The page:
In December 2002, while I was completing my final exams in journalism school, various media organisations, including the Media Institute of Southern Africa (MISA), Press Association of Zambia (PAZA), Zambia Union of Journalists (ZUJ), Zambia Media Women Association (ZAMWA), and others collaborated to sponsor three Bills in Parliament.
The Freedom of Information (FOI) Bill, Independent Broadcasting Authority (IBA) Bill, and the ZNBC (Amendment) Bill were the culmination of years of effort by media bodies lobbying the government and Members of Parliament. The Private Members' Bills were presented by then Lusaka Central MP Dipak Patel and his Livingstone counterpart Sakwiba Sikota.
Rather than supporting these Bills and suggesting areas for improvement, the government opted to draft its versions of the IBA Bill and ZNBC (Amendment) Bill, both of which were eventually enacted. Nevertheless, it marked a significant victory for media bodies, prompting the government to recognise its lagging stance.
The FOI Bill faced withdrawal after the government requested further consultation, setting a trend for the next two decades. The Bill was later renamed Access to Information (ATI) to broaden its scope.
Over the years, the ATI Bill underwent numerous reviews shuttling between the Ministry of Information and the Attorney General's Chambers, with benchmarking studies conducted in Kenya, South Africa, the United Kingdom, and the United States.
Enacting the ATI law has consistently featured on the to-do lists of successive Ministers of Information, each pledging to present the Bill in the next parliamentary session.
Despite over ten ministers having come and gone, the Bill remained in limbo. Meanwhile, I pursued a career in journalism and eventually retired to my backyard garden.
In their 2021-2026 party manifesto, the governing United Party for National Development (UPND) promised to enact the ATI law, emphasising its crucial role in ensuring government transparency, accountability, and exposing any misconduct or waste.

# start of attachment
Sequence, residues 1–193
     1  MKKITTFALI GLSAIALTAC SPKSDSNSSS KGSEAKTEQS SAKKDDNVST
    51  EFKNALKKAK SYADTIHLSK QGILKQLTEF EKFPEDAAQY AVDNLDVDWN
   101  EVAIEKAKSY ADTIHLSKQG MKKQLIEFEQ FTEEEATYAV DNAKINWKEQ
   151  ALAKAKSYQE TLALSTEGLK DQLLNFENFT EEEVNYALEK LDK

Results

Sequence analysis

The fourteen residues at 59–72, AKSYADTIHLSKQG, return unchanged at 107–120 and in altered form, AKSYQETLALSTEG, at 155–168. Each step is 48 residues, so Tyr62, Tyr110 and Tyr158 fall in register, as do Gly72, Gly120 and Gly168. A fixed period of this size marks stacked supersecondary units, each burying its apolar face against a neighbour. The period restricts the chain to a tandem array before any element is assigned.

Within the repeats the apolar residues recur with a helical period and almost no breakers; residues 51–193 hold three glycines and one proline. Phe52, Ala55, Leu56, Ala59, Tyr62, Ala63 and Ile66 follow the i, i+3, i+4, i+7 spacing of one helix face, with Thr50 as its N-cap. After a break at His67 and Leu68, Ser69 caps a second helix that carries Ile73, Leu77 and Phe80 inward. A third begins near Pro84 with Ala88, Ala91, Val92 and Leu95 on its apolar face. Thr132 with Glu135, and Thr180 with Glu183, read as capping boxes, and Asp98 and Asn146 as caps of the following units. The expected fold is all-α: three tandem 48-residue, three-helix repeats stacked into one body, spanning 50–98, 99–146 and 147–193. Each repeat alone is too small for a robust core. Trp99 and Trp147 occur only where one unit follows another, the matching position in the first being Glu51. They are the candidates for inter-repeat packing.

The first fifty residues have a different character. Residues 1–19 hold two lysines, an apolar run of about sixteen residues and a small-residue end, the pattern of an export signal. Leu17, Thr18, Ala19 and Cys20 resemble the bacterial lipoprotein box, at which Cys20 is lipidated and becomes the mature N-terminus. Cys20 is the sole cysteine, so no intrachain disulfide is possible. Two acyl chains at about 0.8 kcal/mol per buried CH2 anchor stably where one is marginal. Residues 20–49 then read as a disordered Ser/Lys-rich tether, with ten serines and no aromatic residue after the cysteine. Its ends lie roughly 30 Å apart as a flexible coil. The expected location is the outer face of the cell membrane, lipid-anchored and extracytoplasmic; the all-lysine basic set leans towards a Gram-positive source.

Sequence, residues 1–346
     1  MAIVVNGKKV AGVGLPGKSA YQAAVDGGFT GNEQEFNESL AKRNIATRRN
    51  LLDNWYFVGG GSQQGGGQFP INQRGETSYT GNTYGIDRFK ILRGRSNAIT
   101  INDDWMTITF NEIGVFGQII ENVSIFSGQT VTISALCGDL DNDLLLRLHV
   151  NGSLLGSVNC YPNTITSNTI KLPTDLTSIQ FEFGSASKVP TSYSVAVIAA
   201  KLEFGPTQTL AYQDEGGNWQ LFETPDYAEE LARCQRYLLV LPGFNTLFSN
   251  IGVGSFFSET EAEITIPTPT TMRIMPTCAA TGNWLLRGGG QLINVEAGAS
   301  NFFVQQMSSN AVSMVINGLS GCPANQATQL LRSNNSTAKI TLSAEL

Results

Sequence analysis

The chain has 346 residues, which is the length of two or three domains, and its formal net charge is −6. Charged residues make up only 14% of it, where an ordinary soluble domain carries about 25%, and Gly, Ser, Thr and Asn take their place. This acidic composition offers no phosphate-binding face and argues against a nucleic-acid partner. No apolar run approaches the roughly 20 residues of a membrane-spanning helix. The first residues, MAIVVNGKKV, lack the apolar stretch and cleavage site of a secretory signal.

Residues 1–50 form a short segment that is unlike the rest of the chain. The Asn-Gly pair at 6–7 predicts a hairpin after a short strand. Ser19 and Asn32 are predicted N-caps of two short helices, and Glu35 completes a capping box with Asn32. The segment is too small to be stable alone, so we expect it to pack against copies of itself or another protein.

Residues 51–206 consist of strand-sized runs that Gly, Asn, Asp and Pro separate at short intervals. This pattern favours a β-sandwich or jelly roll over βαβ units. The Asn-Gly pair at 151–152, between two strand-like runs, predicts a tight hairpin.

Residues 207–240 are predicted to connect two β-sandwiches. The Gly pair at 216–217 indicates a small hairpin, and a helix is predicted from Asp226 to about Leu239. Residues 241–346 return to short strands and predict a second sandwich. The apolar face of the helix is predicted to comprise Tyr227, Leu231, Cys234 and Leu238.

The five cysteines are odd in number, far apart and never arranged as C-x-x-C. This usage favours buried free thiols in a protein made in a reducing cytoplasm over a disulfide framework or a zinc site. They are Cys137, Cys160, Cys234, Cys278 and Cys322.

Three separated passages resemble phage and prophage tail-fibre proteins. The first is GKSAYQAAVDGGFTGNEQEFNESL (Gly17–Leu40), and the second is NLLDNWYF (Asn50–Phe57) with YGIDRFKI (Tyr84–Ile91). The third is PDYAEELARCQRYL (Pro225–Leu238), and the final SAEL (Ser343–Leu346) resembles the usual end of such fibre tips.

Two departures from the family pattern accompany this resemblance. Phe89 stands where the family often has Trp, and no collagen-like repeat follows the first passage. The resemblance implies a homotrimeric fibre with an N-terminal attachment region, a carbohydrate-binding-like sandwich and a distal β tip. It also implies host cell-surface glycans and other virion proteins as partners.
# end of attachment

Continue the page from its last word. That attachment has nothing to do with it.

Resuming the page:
This commitment, if fulfilled, would distinguish the UPND from their predecessors.
After what seemed like an eternity, the Minister of Information, Hon. Cornelius Mweetwa, finally presented the ATI Bill to Parliament on Friday, November 10, 2023
On the whole, the Bill is forward-thinking. The fact that it has returned to parliament presents an opportunity for enactment and subsequent public testing. Laws, when scrutinised by the public, often undergo refinement.
One notable strength is the Bill's inclusive approach, covering both public and private entities as 'information holders.' This is particularly beneficial since private entities, through their interactions with public bodies, often become custodians of public information.
For individuals unable to submit written requests, the Bill accommodates oral requests, which the information holder must then formalise in writing and share with the requester, promoting inclusivity.
Sections 4 and 5 appoint the Human Rights Commission (HRC) as the oversight institution for public access to information. While other jurisdictions may assign this role to the Information Commissioner, starting with the HRC is acceptable, given that access to information is a fundamental right in a democracy.
Part III of the Bill (Section 6 to 20) meticulously outlines how the public can access information and delineates the roles and responsibilities of information holders. It even stipulates specific timelines for providing requested information.